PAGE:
The main contributions of this paper include: 1) we study the use of timedomain loss for speech synthesis; 2) we improve Tacotronbased TTS framework by proposing a new training scheme based on joint timefrequency domain loss; and 3) we propose to use SISDR metric to measure the distortion of timedomain waveform. The novel training scheme optimizes the frequencydomain acoustic features in a way that it leads to better timedomain waveform. To our best knowledge, this is the first implementation of joint training scheme on frequency and time domain for Tacotronbased TTS framework.
This paper is organized as follows: In Section 2, we present the Tacotronbased baseline TTS system. In Section 3, we present the novel idea of joint timefrequency domain loss, and formulate the training and runtime processes. We report the experimental results in Section 4. Section 5 concludes the study.
2 Baseline: Tacotronbased TTS
In this paper, we use a Tacotronbased framework [shen2018natural] as a reference baseline. We illustrate the overall architecture of the reference baseline in Figure 1, that includes feature prediction model which contains encoder, attentionbased decoder and GriffinLim algorithm for waveform reconstruction. The encoder (blue box in Figure 1) consists of two components, a CNNbased module that has 3 convolution layers, and a LSTMbased module that has a bidirectional LSTM layer. The decoder (pale yellow box in Figure 1
) consists of four components: a 2layer prenet, 2 LSTM layers, a linear projection layer and a 5convolutionlayer postnet. The decoder is a standard autoregressive recurrent neural network that generates the melspectrum features and stop tokens frame by frame.
During training, we optimize the feature prediction model to minimized the frequencydomain loss between the generated melspectrum features () and the target melspectrum features ().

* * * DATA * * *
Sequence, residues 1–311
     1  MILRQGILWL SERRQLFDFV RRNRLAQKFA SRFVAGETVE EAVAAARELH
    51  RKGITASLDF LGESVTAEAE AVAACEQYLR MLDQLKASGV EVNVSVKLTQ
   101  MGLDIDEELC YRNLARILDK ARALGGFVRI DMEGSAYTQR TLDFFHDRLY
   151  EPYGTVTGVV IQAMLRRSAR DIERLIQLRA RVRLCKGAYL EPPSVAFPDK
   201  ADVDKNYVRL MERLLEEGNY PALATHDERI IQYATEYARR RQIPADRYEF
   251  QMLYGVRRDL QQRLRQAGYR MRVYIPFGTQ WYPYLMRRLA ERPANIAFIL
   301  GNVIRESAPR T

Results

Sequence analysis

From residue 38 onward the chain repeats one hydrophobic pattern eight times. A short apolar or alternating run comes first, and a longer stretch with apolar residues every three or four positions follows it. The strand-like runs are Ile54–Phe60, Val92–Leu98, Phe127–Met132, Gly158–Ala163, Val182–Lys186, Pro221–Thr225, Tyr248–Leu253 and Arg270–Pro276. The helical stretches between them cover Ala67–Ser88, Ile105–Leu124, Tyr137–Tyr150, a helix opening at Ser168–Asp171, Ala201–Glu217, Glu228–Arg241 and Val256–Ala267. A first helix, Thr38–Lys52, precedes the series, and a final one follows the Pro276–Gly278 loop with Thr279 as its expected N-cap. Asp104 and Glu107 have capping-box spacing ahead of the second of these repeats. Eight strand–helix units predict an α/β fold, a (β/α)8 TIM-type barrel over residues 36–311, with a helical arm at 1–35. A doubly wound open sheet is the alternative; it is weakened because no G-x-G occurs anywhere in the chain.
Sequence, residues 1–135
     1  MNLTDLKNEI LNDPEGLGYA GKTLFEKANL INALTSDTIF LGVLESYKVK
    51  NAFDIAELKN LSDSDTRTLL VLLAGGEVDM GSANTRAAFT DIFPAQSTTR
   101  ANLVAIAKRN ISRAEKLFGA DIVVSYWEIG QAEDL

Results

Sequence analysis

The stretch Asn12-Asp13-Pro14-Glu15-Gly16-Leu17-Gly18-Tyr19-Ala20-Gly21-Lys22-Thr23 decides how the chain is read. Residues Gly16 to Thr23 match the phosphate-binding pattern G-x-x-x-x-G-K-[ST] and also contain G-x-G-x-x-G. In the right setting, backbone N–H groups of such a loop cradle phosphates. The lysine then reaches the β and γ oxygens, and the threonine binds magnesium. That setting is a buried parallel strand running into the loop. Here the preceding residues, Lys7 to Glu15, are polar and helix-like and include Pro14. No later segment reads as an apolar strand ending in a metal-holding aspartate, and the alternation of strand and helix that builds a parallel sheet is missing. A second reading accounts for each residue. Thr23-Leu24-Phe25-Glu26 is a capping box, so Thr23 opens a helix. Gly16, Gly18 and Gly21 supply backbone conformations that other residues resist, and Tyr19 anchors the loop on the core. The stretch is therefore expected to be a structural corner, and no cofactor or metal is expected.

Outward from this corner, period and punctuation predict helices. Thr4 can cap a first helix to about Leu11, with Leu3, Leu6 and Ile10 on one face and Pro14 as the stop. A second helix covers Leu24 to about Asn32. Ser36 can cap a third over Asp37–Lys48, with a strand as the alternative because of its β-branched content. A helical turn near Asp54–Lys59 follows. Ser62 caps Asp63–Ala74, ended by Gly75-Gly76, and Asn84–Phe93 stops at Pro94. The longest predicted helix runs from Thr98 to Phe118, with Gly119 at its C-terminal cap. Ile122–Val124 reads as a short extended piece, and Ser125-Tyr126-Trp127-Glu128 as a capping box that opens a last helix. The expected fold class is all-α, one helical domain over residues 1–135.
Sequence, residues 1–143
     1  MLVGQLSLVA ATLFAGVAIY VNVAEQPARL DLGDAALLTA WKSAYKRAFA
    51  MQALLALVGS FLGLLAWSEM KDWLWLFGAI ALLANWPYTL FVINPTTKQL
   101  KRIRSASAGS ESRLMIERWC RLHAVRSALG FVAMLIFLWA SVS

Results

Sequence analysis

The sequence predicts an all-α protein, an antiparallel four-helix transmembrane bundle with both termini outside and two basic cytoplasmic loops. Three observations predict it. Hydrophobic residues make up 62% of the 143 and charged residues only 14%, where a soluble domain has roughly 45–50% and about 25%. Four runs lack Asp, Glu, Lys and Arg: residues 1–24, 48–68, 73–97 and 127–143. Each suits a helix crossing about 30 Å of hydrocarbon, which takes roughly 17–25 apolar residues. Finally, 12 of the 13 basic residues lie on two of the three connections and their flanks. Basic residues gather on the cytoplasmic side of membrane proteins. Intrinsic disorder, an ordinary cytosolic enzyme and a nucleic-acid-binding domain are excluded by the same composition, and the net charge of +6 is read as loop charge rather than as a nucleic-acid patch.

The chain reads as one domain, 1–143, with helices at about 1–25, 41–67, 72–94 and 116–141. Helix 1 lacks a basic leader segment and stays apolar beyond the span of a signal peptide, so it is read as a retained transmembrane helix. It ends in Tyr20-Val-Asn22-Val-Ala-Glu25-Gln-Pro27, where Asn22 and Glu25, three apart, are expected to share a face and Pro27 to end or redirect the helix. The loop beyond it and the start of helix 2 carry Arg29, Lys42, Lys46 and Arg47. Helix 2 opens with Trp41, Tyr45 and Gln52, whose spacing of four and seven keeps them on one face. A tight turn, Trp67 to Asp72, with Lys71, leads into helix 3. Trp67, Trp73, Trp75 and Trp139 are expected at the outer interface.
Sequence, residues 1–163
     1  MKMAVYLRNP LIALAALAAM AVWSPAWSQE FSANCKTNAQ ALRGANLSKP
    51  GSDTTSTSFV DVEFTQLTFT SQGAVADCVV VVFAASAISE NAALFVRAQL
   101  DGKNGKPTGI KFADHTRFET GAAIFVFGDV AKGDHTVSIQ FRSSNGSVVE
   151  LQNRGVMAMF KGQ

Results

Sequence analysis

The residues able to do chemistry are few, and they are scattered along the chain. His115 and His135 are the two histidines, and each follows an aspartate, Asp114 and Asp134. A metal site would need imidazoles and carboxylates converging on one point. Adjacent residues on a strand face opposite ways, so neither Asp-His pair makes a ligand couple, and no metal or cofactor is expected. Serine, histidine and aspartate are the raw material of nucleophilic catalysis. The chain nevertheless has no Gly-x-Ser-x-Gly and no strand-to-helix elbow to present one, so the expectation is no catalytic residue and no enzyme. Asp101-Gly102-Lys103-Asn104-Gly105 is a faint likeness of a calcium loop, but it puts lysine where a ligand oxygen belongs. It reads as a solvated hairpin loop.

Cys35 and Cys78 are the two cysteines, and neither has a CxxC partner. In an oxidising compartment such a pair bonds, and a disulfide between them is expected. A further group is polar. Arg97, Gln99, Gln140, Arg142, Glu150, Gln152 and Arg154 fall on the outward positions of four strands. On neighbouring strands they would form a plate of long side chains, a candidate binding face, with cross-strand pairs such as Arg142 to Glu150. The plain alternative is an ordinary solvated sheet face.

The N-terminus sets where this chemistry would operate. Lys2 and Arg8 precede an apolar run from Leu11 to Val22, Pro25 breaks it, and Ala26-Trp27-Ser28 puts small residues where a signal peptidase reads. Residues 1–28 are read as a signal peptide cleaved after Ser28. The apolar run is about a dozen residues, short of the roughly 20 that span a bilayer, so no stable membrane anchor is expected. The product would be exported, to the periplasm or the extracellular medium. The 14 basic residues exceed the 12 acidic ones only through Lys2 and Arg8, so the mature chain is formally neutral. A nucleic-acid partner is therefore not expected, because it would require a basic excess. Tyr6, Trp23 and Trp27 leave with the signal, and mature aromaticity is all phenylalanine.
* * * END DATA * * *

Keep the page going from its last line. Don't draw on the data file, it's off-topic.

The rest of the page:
3 WaveTTS
In this section, we study the use of a newly proposed timedomain loss function for Tacotronbased TTS. By applying a new training strategy that takes into account both time and frequency domain loss functions, we effectively reduce the mismatch between the frequencydomain features and the timedomain waveform, and improve the output speech quality. In addition, GriffinLim algorithm and SISDR metric are utilized to realize the calculation process of proposed loss term. The proposed framework is called as WaveTTS hereafter.
3.1 Timedomain and Frequencydomain Loss Functions
In WaveTTS, we define two objective functions during training: 1) frequencydomain loss, denoted as , that is calculated with the melspectrum features in a similar way described in [shen2018natural]; and 2) the proposed timedomain loss, denoted as
, that is obtained at waveform level at the output of GriffinLim iteration, that estimates timedomain signal from the melspectrum features. The two objective functions are illustrated in Figure
2.The entire process can be formulated as follows. The encoder takes the character sequence
as input and converts the onehot vector to continuous features representation
:(1) 
The decoder outputs a melspectrum feature at each step :
(2) 
where represents a function to calculate the context vector by using locationsensitive attention mechanism [vaswani2017attention].
We first calculate in a similar way as that in [shen2018natural]. ensures that the generated melspectrum is close the natural melspectrum. is given as follows,
(3) 
where is the total number of the sequences in training data. loss function is used to minimize the error which is the sum of the all the squared differences between the true value and the predicted value.
We then propose the use of a timedomain loss , that is applied to the GriffinLim output. This is to reduce the mismatch between the optimized frequencydomain output and the actual timedomain waveform [zhao2018wasserstein]. The implementation details of will be explained in Section 3.2.
Overall, the proposed WaveTTS framework has two loss functions. minimizes the loss between converted and original melspectrum, while minimizes this loss at waveform level. We add a weighting coefficient to balance the two losses. The training criterion of the whole model is defined as:
(4) 
Algorithm 1 also shows the complete training process of our proposed WaveTTS. WaveTTS model predicts the melspectrum features from the given input character sequence , and then converts the estimated and target melspectrum to the timedomain signal , using GriffinLim based ISTFT algorithm (blue content in Algorithm 1). Finally, the joint loss function given in Equation 4 is used to optimize the WaveTTS model.
3.2 Implementation of timedomain Loss
3.2.1 Timedomain loss